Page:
Monte Carlo integration refers to the practice of estimating an expectation with a sample mean. For example, given random variable Z in R^k with density p, the expectation of function f can be approximated like:

E_p[f(Z)] = \int f(z) p(z) dz
          ~ S_n
          := n^{-1} \sum_{i=1}^n f(z_i),  z_i iid samples from p.

If E_p[|f(Z)|] < infinity, then S_n --> E_p[f(Z)] by the strong law of large numbers. If E_p[f(Z)^2] < infinity, then S_n is asymptotically normal with variance Var[f(Z)] / n.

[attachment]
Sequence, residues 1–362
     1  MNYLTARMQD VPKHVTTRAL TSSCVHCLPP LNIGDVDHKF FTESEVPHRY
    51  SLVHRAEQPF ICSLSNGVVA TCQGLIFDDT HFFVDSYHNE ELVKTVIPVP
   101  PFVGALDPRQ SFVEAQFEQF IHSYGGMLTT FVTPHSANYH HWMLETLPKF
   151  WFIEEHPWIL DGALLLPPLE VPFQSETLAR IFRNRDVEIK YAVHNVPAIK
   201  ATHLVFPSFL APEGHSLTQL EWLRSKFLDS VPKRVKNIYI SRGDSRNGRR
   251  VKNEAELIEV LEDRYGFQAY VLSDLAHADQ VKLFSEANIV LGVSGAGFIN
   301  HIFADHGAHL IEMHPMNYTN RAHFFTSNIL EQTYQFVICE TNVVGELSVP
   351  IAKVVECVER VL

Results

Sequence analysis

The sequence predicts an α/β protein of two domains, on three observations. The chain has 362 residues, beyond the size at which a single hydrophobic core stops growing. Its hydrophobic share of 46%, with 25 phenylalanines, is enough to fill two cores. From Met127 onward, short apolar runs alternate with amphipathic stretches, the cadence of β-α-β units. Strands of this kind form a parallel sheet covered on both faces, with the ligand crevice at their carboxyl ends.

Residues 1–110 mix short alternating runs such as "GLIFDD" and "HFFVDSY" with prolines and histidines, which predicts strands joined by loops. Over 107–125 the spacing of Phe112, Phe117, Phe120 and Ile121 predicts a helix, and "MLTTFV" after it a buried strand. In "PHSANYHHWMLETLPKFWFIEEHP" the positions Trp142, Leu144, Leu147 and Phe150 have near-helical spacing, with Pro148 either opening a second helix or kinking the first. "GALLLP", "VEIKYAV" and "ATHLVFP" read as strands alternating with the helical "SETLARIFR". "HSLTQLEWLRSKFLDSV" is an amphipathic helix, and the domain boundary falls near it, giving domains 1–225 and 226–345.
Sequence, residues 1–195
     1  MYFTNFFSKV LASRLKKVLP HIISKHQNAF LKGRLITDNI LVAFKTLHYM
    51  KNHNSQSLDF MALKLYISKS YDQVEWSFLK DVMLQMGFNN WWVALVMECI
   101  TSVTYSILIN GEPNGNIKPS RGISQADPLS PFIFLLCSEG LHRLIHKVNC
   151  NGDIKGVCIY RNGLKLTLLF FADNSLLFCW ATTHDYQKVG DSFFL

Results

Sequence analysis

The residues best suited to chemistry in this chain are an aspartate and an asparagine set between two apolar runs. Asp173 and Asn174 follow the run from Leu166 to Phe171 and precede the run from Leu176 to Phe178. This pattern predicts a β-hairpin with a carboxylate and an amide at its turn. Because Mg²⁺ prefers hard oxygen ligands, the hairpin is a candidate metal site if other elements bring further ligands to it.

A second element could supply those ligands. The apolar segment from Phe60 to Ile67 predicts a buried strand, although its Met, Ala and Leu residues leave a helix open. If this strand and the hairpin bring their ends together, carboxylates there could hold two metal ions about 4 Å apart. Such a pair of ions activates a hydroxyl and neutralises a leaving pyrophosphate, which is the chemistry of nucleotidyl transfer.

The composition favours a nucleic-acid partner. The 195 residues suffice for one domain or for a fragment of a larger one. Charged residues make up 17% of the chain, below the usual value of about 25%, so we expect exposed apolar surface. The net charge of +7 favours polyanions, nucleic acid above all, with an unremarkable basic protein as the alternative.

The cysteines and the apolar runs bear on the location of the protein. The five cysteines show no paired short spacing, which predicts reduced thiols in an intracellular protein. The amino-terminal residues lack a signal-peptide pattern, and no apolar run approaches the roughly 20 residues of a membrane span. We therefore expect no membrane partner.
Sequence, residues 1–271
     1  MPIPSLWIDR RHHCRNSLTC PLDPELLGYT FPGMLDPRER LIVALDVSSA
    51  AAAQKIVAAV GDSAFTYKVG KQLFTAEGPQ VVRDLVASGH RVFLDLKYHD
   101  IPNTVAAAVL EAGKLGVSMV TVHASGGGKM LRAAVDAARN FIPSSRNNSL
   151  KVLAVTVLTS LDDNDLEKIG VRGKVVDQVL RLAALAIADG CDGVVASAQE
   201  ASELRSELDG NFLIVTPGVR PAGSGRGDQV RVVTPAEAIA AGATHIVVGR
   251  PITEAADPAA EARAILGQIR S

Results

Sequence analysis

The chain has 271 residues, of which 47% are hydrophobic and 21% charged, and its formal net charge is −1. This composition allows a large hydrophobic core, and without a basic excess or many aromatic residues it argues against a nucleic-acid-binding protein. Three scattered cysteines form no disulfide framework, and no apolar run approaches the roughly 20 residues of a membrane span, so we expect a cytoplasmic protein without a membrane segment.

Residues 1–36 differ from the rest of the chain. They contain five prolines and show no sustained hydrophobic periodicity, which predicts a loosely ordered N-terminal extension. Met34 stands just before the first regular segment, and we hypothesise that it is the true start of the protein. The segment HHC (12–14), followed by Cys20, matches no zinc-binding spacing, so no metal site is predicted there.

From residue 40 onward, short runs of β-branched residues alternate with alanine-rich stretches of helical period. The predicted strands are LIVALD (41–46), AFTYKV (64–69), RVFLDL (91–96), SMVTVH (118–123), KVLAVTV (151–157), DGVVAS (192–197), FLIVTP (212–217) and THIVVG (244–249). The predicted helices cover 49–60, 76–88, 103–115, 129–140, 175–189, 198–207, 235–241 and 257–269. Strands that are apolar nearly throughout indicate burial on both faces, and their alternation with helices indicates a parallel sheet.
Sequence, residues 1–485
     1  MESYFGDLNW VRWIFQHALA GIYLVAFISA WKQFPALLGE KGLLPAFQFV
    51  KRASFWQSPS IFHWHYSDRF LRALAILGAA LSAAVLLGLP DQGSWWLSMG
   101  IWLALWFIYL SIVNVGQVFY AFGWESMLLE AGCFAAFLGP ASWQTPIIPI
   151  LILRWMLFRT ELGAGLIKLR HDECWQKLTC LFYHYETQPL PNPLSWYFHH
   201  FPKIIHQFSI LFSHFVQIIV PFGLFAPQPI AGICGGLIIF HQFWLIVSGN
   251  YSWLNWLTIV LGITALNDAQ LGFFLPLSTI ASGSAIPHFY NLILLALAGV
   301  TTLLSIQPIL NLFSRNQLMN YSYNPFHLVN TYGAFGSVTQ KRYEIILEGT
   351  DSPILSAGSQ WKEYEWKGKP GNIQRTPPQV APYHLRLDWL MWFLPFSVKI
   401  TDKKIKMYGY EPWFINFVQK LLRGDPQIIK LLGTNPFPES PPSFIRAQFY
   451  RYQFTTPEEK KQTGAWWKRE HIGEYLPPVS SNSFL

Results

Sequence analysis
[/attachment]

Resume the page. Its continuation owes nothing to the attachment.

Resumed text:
Practicioners of Bayesian statistics often find themselves wanting to estimate E_p[f(Z)] when the distribution p is known only up to a constant. For example, the joint distribution p(z, x) may be known, but the evidence p(x) = \int p(z, x) dz may be intractable. In that case, a parameterized distribution family q_lambda(z) may be chosen, and the optimal lambda is the one minimizing the KL divergence between q_lambda(z) and p(z | x). We only know p(z, x), but that is sufficient to find lambda.